A week ago, the block I live on in Windsor Hills hit a turning point for me and more importantly for the changing pattern of race in America.
The turning point is that I and the other blacks on my block are now in the minority among the homeowners on the block. The change came when three homes on the block were recently sold or leased to whites.
I now see young whites walking their dogs, pushing baby strollers, jogging and walking on my block and surrounding blocks. Now here’s the personal history this change has marked.
I was born and grew up on Chicago’s Southside in the late 1950s and early 1960s. It was an exclusively black neighborhood, not by choice but for the most part by law, custom, and the threat of and actual use of violence to and against blacks who moved outside Chicago’s Southside.
During those years, the only whites I ever saw were the small mom and pop neighborhood store owners, and an occasional bill collector. It was a totally black world.
In the mid-1960s, when my family relocated to Los Angeles and rented and then bought in Leimert Park, within a short period of time, it was Southside Chicago all over again. White flight quickly flip-flopped Leimert Park to an almost exclusively black neighborhood — working and middle class as was the Southside Chicago, but still black. In later years, I bought a home in Morningside Park in Inglewood.
It was the same again, white flight, and a quick transformation of a neighborhood and my block from white to virtually all-black. Three different neighborhoods, and three shifts to neighborhoods that were re-segregated.
Now to the fourth neighborhood, Windsor Hills, it was the same pattern again. Albeit with two exceptions. One was that there were whites who did not join the mass exodus from the neighborhood during the transition years of Windsor Hills from exclusively white to increasingly black.
The other was that Windsor Hills and adjoining View Park still maintained the gloss and allure of a chic, pricey, mid to upscale black enclave. Still, both Windsor Hills and View Park were still widely regarded by both insiders and outsiders as a black neighborhood. Showcase, yes, but a black neighborhood nonetheless.
Given the hard lines of race and class in much of American society, residential segregation in America’s central cities and even areas such as Windsor Hills and View Park appeared to be a permanent feature of American life. I’m guessing that few others in my age group ever dreamed that they would see a day when that would change. I know I didn’t. That is that whites would flee back into the same neighborhoods they fled from decades earlier. But it has happened.
In the past decade, gentrification has been the buzz word in American housing and neighborhood demographic patterns. In the worst-case scenario, it connotes driving legions of poor black homeowners and renters out of central city neighborhoods, skyrocketing home prices and rents, and at its worst, the ripping apart of the social, cultural and economic cohesion that was the upside of enforced neighborhood segregation.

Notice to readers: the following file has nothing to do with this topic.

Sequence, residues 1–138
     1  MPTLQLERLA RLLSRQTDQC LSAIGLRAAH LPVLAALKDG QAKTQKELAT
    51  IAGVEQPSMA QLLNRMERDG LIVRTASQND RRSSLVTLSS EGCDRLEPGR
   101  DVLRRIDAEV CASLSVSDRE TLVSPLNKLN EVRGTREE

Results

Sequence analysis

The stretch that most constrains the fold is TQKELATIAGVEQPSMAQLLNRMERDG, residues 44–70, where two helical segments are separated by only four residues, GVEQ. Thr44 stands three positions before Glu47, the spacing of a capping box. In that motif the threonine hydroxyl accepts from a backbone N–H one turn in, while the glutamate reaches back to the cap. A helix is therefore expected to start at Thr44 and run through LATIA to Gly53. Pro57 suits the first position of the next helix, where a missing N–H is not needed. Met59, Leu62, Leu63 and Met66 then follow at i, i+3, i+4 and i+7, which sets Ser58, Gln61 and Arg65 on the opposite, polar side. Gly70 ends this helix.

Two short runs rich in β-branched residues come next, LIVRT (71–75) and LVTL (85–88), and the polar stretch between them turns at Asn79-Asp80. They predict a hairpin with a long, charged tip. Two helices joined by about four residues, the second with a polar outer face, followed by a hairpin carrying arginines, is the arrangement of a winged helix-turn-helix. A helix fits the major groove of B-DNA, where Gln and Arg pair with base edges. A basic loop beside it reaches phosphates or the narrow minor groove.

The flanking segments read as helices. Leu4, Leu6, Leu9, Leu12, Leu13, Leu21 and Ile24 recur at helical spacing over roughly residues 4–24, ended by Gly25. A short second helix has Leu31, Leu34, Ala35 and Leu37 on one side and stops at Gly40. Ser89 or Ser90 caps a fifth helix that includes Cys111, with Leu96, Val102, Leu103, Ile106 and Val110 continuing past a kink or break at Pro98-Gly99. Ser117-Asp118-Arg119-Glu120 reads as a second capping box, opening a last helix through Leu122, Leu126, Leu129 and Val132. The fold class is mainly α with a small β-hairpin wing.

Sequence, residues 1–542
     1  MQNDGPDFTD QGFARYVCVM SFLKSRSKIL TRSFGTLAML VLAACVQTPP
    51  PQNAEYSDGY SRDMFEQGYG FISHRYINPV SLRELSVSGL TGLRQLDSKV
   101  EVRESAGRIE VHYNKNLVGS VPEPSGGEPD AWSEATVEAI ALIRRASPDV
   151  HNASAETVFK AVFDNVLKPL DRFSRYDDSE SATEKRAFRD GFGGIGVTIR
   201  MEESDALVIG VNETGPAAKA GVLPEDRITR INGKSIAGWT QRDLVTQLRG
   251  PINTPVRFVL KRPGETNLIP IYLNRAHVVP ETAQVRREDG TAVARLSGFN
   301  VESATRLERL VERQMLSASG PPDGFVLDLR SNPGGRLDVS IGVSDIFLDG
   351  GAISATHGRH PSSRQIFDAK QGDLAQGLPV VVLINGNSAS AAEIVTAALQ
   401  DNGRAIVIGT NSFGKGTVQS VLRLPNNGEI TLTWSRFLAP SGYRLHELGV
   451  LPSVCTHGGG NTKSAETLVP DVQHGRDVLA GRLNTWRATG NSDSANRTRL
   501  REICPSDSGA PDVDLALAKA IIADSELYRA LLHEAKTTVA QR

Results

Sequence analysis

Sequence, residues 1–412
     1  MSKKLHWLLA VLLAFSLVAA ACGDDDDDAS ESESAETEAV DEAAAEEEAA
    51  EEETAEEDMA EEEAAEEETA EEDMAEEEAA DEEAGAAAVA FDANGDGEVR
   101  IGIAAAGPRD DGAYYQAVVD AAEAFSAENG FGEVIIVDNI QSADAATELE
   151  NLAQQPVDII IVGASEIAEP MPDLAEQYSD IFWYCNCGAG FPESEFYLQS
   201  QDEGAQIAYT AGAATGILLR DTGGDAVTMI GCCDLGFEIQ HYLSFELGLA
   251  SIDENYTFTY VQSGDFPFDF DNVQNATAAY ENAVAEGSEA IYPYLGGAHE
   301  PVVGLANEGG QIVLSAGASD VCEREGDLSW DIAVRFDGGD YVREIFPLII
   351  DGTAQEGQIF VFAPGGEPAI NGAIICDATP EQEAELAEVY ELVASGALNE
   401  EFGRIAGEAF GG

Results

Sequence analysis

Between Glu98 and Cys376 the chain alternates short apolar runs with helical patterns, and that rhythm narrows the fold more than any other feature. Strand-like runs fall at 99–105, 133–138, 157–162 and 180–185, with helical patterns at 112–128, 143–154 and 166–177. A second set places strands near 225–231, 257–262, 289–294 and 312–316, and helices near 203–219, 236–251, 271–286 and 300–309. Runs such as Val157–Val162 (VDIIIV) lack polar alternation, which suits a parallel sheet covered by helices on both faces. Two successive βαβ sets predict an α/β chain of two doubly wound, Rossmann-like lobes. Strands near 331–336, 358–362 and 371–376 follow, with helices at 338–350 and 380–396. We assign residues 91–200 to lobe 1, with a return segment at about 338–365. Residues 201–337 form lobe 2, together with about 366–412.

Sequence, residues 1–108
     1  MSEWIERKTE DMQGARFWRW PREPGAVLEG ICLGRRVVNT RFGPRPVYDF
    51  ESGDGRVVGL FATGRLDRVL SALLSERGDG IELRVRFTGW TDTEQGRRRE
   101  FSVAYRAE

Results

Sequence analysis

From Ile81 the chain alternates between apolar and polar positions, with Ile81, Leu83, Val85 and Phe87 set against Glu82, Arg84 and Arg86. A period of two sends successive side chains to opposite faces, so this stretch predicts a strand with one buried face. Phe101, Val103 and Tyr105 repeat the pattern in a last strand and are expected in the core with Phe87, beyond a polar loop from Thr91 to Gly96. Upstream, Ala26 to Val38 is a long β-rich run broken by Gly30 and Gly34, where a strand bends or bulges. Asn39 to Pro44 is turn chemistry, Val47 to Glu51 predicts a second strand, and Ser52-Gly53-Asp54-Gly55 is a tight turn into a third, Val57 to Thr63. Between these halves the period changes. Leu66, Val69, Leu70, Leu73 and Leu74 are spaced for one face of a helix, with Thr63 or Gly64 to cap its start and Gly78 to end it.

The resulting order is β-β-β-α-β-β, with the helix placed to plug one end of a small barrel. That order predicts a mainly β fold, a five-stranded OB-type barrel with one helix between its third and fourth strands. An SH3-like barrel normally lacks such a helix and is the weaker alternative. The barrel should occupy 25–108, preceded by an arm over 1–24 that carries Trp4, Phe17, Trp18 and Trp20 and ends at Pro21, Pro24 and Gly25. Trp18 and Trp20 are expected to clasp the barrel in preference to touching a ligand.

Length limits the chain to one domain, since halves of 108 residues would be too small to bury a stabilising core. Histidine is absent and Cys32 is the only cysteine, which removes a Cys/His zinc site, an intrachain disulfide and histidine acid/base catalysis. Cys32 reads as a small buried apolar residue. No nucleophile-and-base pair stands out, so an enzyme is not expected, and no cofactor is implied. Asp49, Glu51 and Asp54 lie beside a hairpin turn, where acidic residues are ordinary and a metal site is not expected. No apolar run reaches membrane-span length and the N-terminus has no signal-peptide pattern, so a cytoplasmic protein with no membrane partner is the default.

In the best-case scenario, it connotes neighborhood revitalization, a bonanza in home prices, better schools and neighborhood services and a diverse, racially mixed neighborhood. Which scenario one embraces depends, like much else, on which side of the fence, or more particularly, whose interests, are best served.
The transformation of Windsor Hills is hardly unique. Gentrification has transformed dozens of former and historic black neighborhoods from Harlem to San Francisco’s Hunters Point from majority black to majority white in the past decade.
Some neighborhoods have been transformed so rapidly that they are nearly unrecognizable. The New York Times recently calculated gentrification rates by determining which cities have seen the biggest influx of recent college graduates between 2000 and 2012. Places like Houston (50 percent uptick), Nashville (48 percent), Denver (47 percent), Austin, Texas (44 percent), and Portland, Oregon (37 percent), top the list, with D.C. (36 percent), Buffalo, New York (34 percent), and Baltimore (32 percent) not far behind.
Some of my neighbors grumble about and decry the loss of “identity,” meaning black identity of the neighborhood. I understand their worry.
But I am not or ever have been an advocate of all-black neighborhoods, no matter how upscale, toney, pricey, or showcase billed. Market forces and an individual’s right to buy and live whereever they choose can’t and should not be abridged.
I fully believe in and support multi-racial inclusive and open neighborhoods. That is the world we live in and neighborhoods should reflect that reality. The bigger issue is creating more affordable housing in cities and providing support and opportunities for accessibility to that housing.
That is the seismic policy sea change I want to see. It will take increased initiatives, incentives and lending as well as changes in housing and land use policies by government agencies, banks and housing developers. That is the best guarantee that neighborhoods are not black or white but affordable and accessible to all.
Earl Ofari Hutchinson is an author and political analyst. His latest book is “From Sanders to Trump: A Guide to the 2016 Presidential Primary Battles” (Amazon Kindle) He also is a weekly co-host of the Al Sharpton Show on Radio One and the host of the weekly Hutchinson Report on KPFK 90.7 FM Los Angeles and the Pacifica Network.